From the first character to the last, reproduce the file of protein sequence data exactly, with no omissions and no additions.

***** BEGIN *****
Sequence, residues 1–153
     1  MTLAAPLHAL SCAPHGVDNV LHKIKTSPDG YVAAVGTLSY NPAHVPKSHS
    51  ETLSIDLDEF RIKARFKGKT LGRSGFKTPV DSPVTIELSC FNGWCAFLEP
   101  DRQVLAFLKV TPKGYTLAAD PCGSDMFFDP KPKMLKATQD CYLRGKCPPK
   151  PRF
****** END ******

Sequence, residues 1–153
     1  MTLAAPLHAL SCAPHGVDNV LHKIKTSPDG YVAAVGTLSY NPAHVPKSHS
    51  ETLSIDLDEF RIKARFKGKT LGRSGFKTPV DSPVTIELSC FNGWCAFLEP
   101  DRQVLAFLKV TPKGYTLAAD PCGSDMFFDP KPKMLKATQD CYLRGKCPPK
   151  PRF